The leadership of Cheshire East Council has hailed its victory in a controversial Traveller site appeal.
The Secretary of State for communities and local government has upheld a decision by Cheshire East Council not to give planning permission for a pitch for up to two Travellers caravans on land off Moor Lane, Mobberley. This overturns an earlier decision on appeal that went against the Council.
This decision comes forward at the same time that the Council has announced plans for a transit site for Gypsies and Travellers.
A site has now been identified on Cledford Lane, Middlewich, which has the potential to accommodate 10 pitches and is being progressed currently through the pre-application stage of the planning process. Cheshire East is in negotiations with the owners of the site with a view to purchasing it.
Council Leader Councillor Michael Jones hailed this week’s ruling (Tuesday) as ‘great news for the people of Cheshire East’.
He added: “This is the right decision and it is good to see the Secretary of State backing Cheshire East and the views of its residents.
“We want to work with Gypsies and Travellers but pitches have to be planned, sustainable, legal and in the right place.”
Councillor Don Stockton, Cabinet member for housing, planning, economic development and regeneration, said: “We warmly welcome this ruling, which upholds the original decision taken by Cheshire East Council.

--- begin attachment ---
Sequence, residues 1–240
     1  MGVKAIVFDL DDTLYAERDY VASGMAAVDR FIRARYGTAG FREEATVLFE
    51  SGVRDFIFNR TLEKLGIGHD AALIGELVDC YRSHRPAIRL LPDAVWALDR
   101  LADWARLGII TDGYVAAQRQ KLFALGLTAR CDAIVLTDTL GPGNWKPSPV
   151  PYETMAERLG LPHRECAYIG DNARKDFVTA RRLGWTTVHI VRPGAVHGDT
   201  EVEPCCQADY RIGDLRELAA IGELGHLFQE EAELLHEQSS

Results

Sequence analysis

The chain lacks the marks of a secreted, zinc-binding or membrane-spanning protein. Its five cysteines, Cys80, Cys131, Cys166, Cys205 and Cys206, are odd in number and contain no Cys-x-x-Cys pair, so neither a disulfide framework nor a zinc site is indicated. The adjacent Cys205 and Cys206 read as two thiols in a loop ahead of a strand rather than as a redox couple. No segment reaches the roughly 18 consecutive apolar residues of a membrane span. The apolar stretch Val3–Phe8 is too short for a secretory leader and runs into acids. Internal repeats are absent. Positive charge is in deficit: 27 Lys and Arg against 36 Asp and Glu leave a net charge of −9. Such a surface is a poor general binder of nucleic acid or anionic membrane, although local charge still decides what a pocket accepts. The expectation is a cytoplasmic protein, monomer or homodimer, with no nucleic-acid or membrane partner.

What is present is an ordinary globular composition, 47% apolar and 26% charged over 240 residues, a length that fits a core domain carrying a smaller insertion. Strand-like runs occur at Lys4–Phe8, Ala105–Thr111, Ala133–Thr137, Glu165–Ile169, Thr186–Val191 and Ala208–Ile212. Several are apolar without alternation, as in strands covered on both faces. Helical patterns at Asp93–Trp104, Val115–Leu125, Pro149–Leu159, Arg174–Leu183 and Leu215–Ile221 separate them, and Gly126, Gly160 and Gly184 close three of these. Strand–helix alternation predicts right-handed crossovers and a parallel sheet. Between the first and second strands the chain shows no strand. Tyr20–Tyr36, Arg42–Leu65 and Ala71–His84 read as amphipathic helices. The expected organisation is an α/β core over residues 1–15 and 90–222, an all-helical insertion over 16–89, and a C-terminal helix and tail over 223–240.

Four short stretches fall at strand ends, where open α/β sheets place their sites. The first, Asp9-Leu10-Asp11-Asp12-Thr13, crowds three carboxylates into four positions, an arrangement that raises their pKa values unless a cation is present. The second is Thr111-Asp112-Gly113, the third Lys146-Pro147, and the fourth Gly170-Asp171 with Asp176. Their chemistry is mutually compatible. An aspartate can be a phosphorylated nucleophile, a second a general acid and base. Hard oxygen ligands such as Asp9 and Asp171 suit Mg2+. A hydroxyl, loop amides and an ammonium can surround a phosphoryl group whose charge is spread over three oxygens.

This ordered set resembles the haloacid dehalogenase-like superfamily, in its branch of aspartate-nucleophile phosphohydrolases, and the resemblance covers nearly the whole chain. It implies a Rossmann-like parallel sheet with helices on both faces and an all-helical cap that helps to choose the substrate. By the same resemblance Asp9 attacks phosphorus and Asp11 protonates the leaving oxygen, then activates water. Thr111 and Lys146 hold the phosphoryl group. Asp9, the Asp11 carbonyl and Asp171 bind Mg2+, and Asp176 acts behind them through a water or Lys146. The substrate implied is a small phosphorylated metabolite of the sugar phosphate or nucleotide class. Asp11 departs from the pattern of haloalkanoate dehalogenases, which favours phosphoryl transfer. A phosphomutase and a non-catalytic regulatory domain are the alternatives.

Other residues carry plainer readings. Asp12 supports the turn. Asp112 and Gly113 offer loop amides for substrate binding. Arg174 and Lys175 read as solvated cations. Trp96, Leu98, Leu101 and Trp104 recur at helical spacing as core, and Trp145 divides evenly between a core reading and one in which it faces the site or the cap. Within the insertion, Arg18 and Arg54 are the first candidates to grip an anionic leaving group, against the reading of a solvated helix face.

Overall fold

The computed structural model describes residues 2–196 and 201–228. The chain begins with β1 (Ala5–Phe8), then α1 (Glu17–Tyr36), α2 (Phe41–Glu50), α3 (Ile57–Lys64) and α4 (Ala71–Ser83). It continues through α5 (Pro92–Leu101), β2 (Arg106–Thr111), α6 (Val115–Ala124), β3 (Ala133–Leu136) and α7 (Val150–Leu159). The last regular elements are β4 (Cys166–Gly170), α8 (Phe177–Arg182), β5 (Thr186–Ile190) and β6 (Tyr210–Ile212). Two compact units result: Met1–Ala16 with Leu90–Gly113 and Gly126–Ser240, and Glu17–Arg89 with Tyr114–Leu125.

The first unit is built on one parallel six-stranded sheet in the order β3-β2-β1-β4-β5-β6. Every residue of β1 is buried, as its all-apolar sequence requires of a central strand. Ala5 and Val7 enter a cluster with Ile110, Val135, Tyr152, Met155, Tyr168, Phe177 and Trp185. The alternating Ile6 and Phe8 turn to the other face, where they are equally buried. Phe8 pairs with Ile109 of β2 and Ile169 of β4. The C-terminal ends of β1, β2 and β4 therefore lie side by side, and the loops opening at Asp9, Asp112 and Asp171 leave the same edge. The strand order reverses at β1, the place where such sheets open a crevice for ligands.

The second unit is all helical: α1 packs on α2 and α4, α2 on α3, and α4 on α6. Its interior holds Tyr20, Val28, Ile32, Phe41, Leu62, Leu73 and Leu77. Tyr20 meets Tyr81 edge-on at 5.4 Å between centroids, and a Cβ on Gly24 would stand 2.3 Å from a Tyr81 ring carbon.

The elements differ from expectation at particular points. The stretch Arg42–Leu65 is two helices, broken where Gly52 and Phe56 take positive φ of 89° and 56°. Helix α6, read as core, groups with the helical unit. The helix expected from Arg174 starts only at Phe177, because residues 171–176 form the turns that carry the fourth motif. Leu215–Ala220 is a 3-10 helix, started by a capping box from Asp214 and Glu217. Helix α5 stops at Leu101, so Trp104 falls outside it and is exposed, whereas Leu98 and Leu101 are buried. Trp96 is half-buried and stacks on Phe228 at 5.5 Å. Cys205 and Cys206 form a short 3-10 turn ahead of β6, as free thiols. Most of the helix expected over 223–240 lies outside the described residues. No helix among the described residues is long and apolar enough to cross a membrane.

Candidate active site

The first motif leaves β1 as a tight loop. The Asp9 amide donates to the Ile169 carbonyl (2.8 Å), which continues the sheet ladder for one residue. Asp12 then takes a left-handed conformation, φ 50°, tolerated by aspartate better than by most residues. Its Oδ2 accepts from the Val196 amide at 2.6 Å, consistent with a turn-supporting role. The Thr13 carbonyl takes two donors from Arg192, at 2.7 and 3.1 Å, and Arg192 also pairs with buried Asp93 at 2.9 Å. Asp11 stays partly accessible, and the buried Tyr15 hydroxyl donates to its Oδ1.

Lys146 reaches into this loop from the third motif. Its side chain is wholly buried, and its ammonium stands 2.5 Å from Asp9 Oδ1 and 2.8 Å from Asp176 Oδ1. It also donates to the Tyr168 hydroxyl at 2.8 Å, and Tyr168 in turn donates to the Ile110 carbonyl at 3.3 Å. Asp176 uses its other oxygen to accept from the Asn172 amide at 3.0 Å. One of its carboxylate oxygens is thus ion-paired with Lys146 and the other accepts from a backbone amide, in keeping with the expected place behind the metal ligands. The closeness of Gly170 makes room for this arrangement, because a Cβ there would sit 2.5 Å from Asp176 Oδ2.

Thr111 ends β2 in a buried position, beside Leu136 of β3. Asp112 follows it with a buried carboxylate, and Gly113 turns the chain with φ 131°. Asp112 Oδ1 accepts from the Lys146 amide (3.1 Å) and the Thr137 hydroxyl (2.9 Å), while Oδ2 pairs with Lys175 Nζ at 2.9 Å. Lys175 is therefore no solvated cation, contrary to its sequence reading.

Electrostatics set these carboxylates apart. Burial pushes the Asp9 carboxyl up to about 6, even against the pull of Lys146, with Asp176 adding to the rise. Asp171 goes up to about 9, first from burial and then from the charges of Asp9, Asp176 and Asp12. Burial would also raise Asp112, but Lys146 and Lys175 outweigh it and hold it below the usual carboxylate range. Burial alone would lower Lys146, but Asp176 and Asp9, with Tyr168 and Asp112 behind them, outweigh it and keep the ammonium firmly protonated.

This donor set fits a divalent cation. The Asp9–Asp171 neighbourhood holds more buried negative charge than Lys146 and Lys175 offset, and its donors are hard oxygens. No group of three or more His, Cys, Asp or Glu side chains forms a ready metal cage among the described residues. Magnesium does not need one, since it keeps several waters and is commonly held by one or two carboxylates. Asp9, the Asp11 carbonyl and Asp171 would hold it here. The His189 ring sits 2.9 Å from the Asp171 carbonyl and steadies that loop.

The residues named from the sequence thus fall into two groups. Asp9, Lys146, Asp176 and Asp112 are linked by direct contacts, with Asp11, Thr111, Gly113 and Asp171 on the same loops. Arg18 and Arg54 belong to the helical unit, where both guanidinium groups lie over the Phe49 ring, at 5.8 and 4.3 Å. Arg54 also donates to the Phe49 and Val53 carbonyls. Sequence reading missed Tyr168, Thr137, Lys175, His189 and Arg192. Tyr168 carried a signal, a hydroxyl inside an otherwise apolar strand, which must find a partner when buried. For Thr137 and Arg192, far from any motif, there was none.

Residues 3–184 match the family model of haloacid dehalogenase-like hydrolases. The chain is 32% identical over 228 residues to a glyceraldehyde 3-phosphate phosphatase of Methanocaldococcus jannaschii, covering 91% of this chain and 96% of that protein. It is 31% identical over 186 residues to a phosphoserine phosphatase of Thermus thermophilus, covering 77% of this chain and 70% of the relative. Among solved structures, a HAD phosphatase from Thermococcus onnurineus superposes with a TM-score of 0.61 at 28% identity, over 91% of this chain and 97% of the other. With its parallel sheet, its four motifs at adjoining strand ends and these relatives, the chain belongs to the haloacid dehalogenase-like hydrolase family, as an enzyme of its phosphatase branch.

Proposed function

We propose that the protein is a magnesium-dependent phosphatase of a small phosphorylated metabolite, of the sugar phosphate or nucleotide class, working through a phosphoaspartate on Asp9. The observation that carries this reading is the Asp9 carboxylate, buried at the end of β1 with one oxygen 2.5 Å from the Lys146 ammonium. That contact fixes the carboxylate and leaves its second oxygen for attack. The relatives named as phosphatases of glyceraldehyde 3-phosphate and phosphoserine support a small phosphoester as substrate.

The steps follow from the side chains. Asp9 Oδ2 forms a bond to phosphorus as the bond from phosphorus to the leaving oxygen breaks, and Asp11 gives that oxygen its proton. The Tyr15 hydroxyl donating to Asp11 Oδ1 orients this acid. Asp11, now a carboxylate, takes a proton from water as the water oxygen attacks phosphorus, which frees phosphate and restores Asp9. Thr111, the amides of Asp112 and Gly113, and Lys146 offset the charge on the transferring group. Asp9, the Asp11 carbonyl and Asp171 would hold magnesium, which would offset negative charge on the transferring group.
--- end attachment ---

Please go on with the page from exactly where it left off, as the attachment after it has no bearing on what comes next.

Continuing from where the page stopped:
“We are delighted that the Secretary of State shares this view and has backed the Council and upheld the wishes of local residents.
“In Cheshire East, we want to deliver sustainable sites for Gypsies and Travellers that are fit for purpose. It was and is strongly felt that the site in Moor Lane is not an appropriate development.
“It is great to see common sense prevail.”
The site application was rejected by the Council’s strategic planning Board in November 2012, but that was overturned on appeal by the applicant. Now the Secretary of State has upheld the Council’s original refusal of appeal.
The Secretary of State said the site was an ‘inappropriate development in the greenbelt’ and that ‘harm arising from the development’ would not be outweighed by other considerations.
Councillor Jones added: “Cheshire East Council wants to reassure our residents and businesses that we are committed to providing, as a priority, a transit site to reduce the level of illegal encampments and to enable the police to use their powers, under the Criminal Justice and Public Order act 1994, to direct Travellers on to more appropriate sites.
“This will reduce the negative impact on residents and local businesses. If the Travellers refuse to move to such sites they have to leave the local authority area and cannot return for three months. While occupying the transit site, they will have to pay for services, including rent.”
Cheshire East has experienced a significant rise in the number of illegal encampments across the authority, with 78 being reported between January 1 and November 3 of this year.
These encampments have had a significant impact – not only on local residents but also on businesses too.
A recent Gypsy and Traveller accommodation needs assessment by the Council identified a requirement of between five and 10 transit pitches.
Cheshire East took active steps to commission a site identification study, with the aim of finding a suitable site which could be put through the planning process.